The day before my D&C was scheduled, I began to miscarry naturally. I was at work, and called the midwives’ emergency line to see if I could get a quick prescription for vicodin or something so I could ignore the pain and finish my shift.
“If you’re in that much pain,” the midwife said, “maybe you need to come in and have emergency surgery tonight instead.” I decided I wasn’t in that much pain, since changing the time of my surgery would mean changing its orchestrater; that is, I’d chosen to have my surgery performed by the one of the six doctors I’d liked the most, and the doctor on call tonight was the one I’d liked the least.
“Just take 600 to 800 milligrams of ibuprofen,” the midwife continued. “That’s prescription strength.” So I loaded up on the free drugs in my store’s first aid kit and somehow finished my shift.
On the way home that night, I began to feel dizzy and nauseous. When we got home, I locked myself in the bathroom and, once satisfied that I wasn’t actually going to vomit, sat down on the toilet with my pants around my ankles and my head in my hands. This was not what I had wanted. I’d been begging for the surgery so that I wouldn’t have to feel my pregnancy slipping out of me and then flush it away.
But that was what happened. When I stood up, one of the two sacs from the ultrasound photos was there in the toilet, a small, glistening oval in a haze of blood. I thought about calling Doug in to show him, but decided to spare him the visual memory, unsure as to whether he’d feel what I felt. Because what I felt at that moment was not disgust or sadness or anger, but peace. Seeing that sac reassured me, in a way that no amount of blood tests and ultrasounds ever could have, that there was no baby growing in there. So at least I never had to wonder, following my choice to have an abortion instead of a miscarriage, what if I killed it?
By the following morning, I hadn’t seen the second sac, hadn’t done much bleeding at all, really, so I reported for surgery anyway. When I told the doctor, a petite Indian woman who was so naturally pretty she even looked gorgeous in her scrubs, what had happened, she agreed that we should go through with the D&C. She put her hand on mine and led me into the OR, saying,
“Let’s get you all cleaned out, honey.”
The details of the next few days are kind of fuzzy and unimportant. I was told the surgery went well. Although I had bought maxi pads – an ordeal in itself since I’ve only ever used tampons; I remember standing in Target, calling Dawn and my mom, leaving frantic messages because I didn’t know what to get – I hardly bled after the surgery. I spent the next two days lying on my couch, taking ibuprofen and taking it easy, and then I went back to work.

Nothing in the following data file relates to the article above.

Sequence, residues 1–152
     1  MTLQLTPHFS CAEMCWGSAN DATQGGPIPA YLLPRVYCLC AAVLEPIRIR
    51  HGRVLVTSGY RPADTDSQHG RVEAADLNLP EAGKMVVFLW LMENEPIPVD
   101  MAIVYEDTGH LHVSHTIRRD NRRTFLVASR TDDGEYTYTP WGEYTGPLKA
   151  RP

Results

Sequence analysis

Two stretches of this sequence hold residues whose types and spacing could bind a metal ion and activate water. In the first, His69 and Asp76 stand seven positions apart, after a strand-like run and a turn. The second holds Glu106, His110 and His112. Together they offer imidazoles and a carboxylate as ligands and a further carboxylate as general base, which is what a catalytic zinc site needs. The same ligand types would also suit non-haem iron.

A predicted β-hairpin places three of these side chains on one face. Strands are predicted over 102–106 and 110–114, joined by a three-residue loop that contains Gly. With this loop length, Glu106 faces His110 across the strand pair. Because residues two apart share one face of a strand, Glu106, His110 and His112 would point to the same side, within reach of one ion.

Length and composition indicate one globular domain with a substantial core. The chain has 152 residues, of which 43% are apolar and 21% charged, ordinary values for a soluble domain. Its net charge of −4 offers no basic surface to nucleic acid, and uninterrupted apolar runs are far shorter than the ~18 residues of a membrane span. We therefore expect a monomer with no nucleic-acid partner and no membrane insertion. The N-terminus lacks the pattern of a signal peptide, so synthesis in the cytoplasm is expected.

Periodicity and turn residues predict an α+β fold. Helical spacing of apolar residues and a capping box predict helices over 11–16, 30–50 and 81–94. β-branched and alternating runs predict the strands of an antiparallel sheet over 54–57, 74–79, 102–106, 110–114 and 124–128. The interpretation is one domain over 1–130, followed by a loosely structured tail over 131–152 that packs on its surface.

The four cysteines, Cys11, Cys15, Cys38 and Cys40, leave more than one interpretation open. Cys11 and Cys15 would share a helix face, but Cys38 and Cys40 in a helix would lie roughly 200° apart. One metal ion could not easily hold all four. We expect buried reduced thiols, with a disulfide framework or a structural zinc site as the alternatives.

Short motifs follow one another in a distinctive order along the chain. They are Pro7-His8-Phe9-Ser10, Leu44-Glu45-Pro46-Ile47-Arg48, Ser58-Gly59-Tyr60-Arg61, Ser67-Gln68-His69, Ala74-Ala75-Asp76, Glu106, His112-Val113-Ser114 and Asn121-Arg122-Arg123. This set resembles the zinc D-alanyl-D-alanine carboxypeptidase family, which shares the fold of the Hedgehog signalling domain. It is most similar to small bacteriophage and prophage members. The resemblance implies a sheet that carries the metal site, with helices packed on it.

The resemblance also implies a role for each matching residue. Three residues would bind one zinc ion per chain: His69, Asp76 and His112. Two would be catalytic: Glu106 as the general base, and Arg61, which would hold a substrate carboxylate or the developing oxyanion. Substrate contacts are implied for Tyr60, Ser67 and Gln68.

I do remember, however, a conversation I had with my friend Beth right around that time. Beth and I have been friends since we were six years old, and as long as I can remember, she has wanted to be a housewife: when I would go to her house after school, we would bake cookies and watch Frugal Gourmet (as opposed to when we’d go to my house, play outside with my brothers, and watch Ninja Turtles.) She got married shortly after I did, but she stayed happily married while I ran for the hills to reclaim my “lost youth.” She makes budgets and owns property and cooks for her husband; I feel accomplished if I have more than $20 in my bank account the day before payday, or if I help Doug cook by chopping vegetables for him. We are in every way opposites, but after 20 years of friendship, some of those contrast lines start to blur.
“So are you going to keep trying?” Beth asked me. It was the very first thing she asked me after I’d told her what had happened.
I felt like a kid whose dog had just been put to sleep, but who suddenly realized that this meant she could get a new puppy. Keep trying! What a wonderful idea! We hadn’t been trying before, so why not keep doing what we were doing (which was nothing, really – no prevention, no measured attempts, just sex for sex’s sake)? And maybe next time, the baby would stick, and everything would be okay.
Of course, a little while later, I mentioned this idea to my mom, and she reminded me of all the things that might constitute an ideal situation for a baby: money, proximity to family, a strong and lasting bond between the parents, more than 700 square feet of apartment to raise the baby in… and how little all that resembled the situation I was proposing to actually bring a baby into.
I consulted Dawn, who said more or less the same thing: “Use this time to really work on and strengthen your relationship with Doug. You’re both still so young. You’ll have plenty of time to have a baby.”
They were right. I watched my little getting-a-puppy ship sink, taking my heart down with it. I was going to have to find a good form of birth control.